As CTO and co-founder here at Mooncascade, I’ve been working in agile software development for years. I know that things move fast when using agile methodologies. There’s always a new idea to validate, a new sprint to plan, or a high-pressure deadline to meet.
This has plenty of benefits, including more flexible development, more frequent testing, and better results. It keeps things fresh in the workplace, and often teaches you something new every day. But it also comes with its fair share of pressures and problems.
The most common issue I come across in agile development is miscommunication, which can have serious repercussions for projects of any shape or size. We’ve all been there. Someone forgets to speak up, and when delivery comes around, it turns out you’ve spent days of blood, sweat, and tears building a feature the client didn’t want in the first place.
But fear not. Identifying a problem is the first step to solving it, and following a few core principles will help make your next agile project more successful than you could’ve imagined. So read on: here are five tips for doing agile software development right.
1. Know your client and the problem you want to solve
I keep this tip in mind for any kind of development, but it’s especially important for an agile approach. In a traditional project, clients generally outline their requirements and goals in a distinct step before development. But in agile projects, it’s common for teams to jump into sprints without setting things in stone. While this approach allows for more flexibility, it can also lead to wasted time and unwanted results if not implemented properly.
It’s important to understand what business problem your client wants to solve and which goals they’d like to meet at every step of your collaboration. Not only will this help you avoid building something they don’t want, it’ll make it easier to find a balance between your client’s expectations and the realities of development as things move forward.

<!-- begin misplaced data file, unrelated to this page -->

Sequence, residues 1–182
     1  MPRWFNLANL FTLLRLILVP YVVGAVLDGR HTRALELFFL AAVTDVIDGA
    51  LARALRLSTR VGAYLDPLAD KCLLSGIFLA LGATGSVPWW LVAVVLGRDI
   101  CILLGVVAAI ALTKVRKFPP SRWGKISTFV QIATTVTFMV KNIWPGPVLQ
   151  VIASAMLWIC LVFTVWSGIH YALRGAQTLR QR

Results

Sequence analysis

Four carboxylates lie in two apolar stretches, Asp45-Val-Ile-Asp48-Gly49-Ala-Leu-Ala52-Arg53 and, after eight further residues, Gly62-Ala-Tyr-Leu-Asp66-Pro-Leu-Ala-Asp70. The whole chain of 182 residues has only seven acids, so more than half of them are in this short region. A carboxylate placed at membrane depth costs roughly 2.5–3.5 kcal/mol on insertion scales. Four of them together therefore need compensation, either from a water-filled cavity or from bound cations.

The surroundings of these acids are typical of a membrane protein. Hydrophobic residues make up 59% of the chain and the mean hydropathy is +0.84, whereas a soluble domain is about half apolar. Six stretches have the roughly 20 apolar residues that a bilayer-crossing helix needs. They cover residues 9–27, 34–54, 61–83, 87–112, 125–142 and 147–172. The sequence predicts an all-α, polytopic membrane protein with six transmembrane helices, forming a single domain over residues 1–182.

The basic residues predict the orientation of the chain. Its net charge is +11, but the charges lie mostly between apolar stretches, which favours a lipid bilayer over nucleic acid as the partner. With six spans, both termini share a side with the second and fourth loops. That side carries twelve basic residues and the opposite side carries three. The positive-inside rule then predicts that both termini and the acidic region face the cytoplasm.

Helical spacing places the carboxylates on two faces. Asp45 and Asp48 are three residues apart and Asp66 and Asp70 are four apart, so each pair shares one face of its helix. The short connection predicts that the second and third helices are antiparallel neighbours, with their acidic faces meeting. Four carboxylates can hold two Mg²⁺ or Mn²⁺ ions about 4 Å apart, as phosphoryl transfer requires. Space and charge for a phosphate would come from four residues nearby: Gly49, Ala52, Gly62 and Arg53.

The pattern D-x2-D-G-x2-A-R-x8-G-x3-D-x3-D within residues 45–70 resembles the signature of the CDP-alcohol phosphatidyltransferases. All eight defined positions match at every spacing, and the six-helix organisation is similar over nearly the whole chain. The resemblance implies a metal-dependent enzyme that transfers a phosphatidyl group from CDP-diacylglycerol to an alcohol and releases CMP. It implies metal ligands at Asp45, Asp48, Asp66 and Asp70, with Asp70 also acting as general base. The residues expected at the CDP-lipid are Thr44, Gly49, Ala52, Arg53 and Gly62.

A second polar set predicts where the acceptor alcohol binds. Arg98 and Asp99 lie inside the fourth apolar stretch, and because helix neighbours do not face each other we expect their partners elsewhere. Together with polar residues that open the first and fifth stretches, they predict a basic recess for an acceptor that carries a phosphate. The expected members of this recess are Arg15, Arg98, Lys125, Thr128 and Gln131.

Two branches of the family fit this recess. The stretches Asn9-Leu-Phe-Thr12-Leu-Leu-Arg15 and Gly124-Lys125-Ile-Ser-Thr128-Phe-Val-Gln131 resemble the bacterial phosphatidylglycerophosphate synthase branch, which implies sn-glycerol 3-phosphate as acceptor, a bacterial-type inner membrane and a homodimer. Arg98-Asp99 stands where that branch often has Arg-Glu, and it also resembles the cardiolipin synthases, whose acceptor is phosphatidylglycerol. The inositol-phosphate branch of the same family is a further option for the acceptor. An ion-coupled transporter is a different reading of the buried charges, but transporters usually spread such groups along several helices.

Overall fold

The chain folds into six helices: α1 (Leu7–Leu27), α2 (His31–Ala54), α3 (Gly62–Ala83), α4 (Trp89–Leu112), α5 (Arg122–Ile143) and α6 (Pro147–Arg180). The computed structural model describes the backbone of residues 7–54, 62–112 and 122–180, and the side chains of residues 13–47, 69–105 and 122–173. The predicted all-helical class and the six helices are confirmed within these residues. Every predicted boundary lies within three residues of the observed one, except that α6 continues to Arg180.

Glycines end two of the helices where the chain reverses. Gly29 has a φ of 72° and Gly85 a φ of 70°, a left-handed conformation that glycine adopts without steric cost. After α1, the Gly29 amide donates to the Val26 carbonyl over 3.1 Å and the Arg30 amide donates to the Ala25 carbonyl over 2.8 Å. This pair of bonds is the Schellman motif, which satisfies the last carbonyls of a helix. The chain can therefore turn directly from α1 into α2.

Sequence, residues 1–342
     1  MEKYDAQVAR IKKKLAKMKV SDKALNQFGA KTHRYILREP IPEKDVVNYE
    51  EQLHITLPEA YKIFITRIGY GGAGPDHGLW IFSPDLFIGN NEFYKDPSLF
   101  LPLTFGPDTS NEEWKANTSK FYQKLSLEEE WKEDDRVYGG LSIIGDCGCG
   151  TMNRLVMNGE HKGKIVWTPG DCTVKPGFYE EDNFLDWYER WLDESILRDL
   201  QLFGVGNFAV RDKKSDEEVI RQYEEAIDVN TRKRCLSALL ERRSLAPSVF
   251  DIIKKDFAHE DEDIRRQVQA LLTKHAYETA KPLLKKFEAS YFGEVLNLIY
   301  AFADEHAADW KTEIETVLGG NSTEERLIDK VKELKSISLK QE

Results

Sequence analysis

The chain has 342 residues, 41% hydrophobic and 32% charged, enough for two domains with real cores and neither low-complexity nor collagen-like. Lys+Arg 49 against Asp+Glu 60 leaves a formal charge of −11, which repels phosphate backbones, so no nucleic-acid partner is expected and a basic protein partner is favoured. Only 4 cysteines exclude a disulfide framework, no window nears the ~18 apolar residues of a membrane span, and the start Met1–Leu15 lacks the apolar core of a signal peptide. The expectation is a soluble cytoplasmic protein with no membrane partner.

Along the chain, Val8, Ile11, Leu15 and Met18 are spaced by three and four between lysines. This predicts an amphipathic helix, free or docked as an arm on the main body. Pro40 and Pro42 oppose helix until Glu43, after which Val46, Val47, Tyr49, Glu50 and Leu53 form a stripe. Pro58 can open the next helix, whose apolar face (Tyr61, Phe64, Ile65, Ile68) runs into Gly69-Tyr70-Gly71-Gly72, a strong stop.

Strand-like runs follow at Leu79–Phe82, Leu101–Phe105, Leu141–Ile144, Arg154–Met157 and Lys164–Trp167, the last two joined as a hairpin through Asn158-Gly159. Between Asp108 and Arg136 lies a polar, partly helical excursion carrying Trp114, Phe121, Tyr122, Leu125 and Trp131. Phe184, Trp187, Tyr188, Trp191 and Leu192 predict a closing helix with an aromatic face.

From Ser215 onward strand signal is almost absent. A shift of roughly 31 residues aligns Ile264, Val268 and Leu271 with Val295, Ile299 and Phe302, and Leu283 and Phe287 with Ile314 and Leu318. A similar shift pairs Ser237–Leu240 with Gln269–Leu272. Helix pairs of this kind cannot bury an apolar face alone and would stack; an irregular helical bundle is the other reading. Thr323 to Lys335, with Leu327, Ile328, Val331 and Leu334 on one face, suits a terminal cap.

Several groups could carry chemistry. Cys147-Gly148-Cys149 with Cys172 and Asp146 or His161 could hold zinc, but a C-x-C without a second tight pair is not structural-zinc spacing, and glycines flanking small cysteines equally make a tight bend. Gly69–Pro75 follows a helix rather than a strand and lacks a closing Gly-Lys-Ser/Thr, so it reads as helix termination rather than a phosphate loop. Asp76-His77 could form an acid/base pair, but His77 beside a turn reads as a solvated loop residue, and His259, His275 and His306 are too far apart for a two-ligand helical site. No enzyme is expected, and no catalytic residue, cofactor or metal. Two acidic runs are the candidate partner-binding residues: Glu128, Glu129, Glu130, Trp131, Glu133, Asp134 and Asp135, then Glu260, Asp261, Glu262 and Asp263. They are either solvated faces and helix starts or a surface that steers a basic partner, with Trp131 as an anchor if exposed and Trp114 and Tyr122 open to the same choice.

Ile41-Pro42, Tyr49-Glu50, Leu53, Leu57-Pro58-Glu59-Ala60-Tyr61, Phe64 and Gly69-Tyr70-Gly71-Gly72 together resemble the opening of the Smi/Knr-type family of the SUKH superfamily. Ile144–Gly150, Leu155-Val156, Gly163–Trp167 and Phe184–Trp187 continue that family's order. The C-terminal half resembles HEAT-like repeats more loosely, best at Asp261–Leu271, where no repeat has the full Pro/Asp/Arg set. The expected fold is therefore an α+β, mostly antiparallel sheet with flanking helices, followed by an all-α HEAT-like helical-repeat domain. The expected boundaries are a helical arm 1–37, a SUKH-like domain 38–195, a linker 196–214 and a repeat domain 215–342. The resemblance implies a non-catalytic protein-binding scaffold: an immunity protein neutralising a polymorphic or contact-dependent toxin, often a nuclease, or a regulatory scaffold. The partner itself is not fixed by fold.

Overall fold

Make sure you think with your client, rather than for them. Don’t hesitate to ask questions or even challenge their ideas. As a partner, you have the experience to tell them what makes sense to build and what doesn’t. Remember that someone thinking from a business side doesn’t necessarily know which technical tools are out there to help them. They also don’t approach problems the same way you do. So make the most of your two perspectives by maintaining steady communication throughout your collaboration.
A client might want a custom chat for their website, for example, which is a complicated, time-consuming, and expensive feature to develop. Ask them why they need it and what they expect from it. Propose alternatives: integrating Slack through a small script in the application you’re building could be a great way to meet their goals while saving time, money, and headaches on something more elaborate.
2. Develop routines
It’s important to keep communication going within your team, too. One great way to do this is to develop well-defined routines—and actually follow them.
If you’re doing agile development, chances are you’ll be using scrum. In my experience, the most important routine in this context is a standup meeting. If you can, hold daily standups that include both the development team and the client.
Even better: hold your meetings early in the morning. This will stimulate your developers to work at more normal hours than they may be used to, and it’ll get everyone’s day started off with fifteen minutes of useful information. Standups shouldn’t be about sitting around, listening to one person ramble on. Instead, cover each talking point as a group. This will ensure the whole team is in sync and has a bird’s eye view of the day’s goals.
Here at Mooncascade, I often function as scrum master in our development projects. I ask my team to follow the three Ps: progress, plans, and problems. They write down their progress from the last day, their plans for the current day, and any problems they’ve encountered or foresee coming up. I use a tool to combine all of these points into one list, which allows me to quickly see which issues need to be resolved and who needs to be put in contact on a daily basis.